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When it comes to teachers, it's hard not to be inspired.
Perhaps the only thing more uplifting than the stories of lives changed by outstanding teachers is hearing teachers themselves talk about why they do what they do.
Ask a teacher why they teach, what motivates them, and you'll catch a glimpse into the soul of someone pretty spectacular. Just try it; you'll see. Trust us.
We know—we did it!
When we asked teachers and aspiring teachers to tell us about the passion, the aspirations, the goals, or the motives that drove them into the field of K–12 education, we expected some pretty cool responses. We had no idea what we were asking for!
There's no way we could pick our favorite responses to call out, no way to identify the best of the best to share here. But luckily, we asked for these comments as part of a Teacher Appreciation Week contest. We picked five commenters at random to win free stuff from the WGU Online Store—and thank goodness for randomization, because it gave us an easy way to select a handful of stories to share with you here.
So here they are, the winners, chosen at random from dozens of truly inspiring entries:
Cindy WilliamsI teach because I don’t want any child to go through school thinking that just because they have a learning disability it means they are dumb. Being dyslexic I can tell my students that they can overcome a disability or find ways to use their disability to inspire someone else to strive for their best. My motto is, “Everyone can learn; it is just a matter of finding out how they learn best.” Also, never use “can‘t.” I love to see that “I got it” moment when one of my kiddos gets something we have been plugging away at all year. That is the other reason I teach. Teaching is not my job or career; it is my calling and passion.
Symantha SpencerI knew I wanted to be a teacher after I gave birth to my daughter at 18. My second-grade teacher and I became Facebook friends. She fueled the fire in me to teach by reminding me of all the fun lesson plans we did. She was also a teacher that saw I was bored in class and would stay after and teach me additional things I would learn the next year in order to get me at the right grade level. I want to be able to help students individually the way she did. I am really blessed to have her influence for the time I did and I can’t wait to finish my degree and start making a change!
Gilbert BurgessIt was my junior year in high school when I realized I was going to be a math teacher. I was taking a teacher cadet class through Coastal Carolina University. I learned the ins and outs of teaching and it was awesome! After that experience, my mind was made up that nothing else could satisfy me like teaching. I knew that was my passion, and by the end of 2016 I will be a graduate of WGU and certified to teach middle-school math.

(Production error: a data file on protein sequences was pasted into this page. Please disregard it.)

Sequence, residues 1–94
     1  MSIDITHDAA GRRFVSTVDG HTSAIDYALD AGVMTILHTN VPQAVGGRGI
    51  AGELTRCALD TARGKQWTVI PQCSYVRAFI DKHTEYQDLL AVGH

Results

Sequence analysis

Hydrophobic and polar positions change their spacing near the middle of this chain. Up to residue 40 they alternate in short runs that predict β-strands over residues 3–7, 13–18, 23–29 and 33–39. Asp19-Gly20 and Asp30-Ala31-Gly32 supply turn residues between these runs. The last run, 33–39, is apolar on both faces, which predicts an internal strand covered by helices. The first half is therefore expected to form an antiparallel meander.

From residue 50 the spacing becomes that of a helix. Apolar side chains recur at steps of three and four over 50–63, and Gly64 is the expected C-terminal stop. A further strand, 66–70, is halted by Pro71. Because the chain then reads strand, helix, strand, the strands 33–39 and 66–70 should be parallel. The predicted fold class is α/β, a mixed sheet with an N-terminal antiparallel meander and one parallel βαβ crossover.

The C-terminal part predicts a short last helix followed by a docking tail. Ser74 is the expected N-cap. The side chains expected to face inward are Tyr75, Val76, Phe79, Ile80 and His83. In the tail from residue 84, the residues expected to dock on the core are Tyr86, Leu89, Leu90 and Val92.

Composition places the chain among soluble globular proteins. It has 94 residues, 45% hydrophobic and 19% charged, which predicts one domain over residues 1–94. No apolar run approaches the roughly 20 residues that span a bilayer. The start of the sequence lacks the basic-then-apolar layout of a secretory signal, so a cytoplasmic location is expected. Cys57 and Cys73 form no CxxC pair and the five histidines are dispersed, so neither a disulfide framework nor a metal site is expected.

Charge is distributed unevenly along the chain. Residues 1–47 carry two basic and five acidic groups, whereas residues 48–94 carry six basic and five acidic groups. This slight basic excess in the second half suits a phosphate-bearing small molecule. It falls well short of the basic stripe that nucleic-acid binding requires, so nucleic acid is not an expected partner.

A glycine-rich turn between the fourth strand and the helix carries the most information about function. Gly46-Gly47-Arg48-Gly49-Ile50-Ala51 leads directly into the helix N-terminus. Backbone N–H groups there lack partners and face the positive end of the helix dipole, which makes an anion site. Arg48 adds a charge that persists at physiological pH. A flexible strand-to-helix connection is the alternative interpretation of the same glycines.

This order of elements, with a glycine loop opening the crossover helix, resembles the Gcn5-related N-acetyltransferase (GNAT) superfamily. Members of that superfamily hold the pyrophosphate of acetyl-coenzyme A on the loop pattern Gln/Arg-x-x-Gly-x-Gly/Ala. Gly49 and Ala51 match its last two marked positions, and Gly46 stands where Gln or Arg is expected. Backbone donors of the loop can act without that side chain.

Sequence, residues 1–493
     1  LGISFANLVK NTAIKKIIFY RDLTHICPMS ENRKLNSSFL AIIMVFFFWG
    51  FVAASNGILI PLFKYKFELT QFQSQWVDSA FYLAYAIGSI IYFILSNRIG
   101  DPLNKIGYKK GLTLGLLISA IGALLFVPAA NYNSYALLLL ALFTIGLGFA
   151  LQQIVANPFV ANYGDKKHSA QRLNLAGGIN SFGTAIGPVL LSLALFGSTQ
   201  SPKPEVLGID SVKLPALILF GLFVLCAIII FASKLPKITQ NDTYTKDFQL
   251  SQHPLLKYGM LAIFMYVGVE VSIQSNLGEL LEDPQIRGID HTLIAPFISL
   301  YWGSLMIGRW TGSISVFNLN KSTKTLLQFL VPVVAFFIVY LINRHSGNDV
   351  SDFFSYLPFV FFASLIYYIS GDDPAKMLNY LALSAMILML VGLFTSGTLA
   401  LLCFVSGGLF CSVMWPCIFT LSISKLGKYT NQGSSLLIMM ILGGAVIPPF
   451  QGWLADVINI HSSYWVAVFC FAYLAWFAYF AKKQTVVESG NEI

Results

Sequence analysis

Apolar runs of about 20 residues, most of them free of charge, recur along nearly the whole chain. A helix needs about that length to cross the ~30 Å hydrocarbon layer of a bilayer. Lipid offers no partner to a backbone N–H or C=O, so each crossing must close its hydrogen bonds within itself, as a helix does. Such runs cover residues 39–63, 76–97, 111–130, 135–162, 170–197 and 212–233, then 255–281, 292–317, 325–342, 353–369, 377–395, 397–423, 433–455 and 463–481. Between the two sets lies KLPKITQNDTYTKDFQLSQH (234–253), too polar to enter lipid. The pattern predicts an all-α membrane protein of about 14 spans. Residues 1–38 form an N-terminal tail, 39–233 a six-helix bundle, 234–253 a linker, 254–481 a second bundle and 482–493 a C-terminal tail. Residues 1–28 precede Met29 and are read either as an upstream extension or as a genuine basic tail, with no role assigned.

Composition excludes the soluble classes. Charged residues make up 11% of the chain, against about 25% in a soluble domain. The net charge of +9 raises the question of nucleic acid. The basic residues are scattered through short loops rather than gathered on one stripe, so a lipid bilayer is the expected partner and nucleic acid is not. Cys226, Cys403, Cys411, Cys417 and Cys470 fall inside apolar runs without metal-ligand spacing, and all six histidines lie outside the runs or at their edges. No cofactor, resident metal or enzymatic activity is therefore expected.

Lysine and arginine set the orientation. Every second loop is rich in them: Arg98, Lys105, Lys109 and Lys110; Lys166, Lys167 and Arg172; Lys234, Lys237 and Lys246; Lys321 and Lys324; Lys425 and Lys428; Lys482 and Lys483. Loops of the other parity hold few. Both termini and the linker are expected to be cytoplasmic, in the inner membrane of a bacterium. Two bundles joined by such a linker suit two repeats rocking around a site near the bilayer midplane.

Ben BalderThere’s a certain ethereal feel being in front of 20-plus open minds. I was one of those minds once. I was naive, I was invincible, but I was moldable. My mind raced with life’s wonders and, growing up in the ’80s and ’90s, those wonders were untainted with the laws and limits of new childhood drama and “rights.” We were kings and queens, knights and heroes, princesses and astronauts. Growing up, my teachers broadened each of those horizons with hands-on learning and free exploration. They allowed us to be free but also to struggle; to really feel the weight of academic pressure, they challenged us. They shared with us our pains and prides, discipline with fairness and honesty (not with restraint and fear of the law). When we succeeded, we knew it. When we got in trouble, we KNEW it. Education was pure. I miss that. And those who have educated me also shaped me to want to fill their shoes. When that day arises and I step onto the podium holding my degree and then receiving my licensure, I will make it my mission to find each of my favorite teachers who have made the most significant impact, and simply thank them. Truly and humbly thank them, for one day I hope to be that kind of teacher I once looked up to. That is why I want to teach.
Jordan NicoleTeaching is my soul because I have an enormous heart for children! After teaching Sunday school I realized my love to work with children as well and enrolled in WGU for Interdisciplinary Studies. And I was diagnosed with endometriosis, being told I would never have children when my will to be a mother, now at 30, is so strong. I will cherish the children I DO get to have, my future little students, and my passion to help them be the best them possible one day at a time.
Seriously—go check out the rest of the respnses in the comments section of this post. Oh—and there are more here. You'll be wowed.
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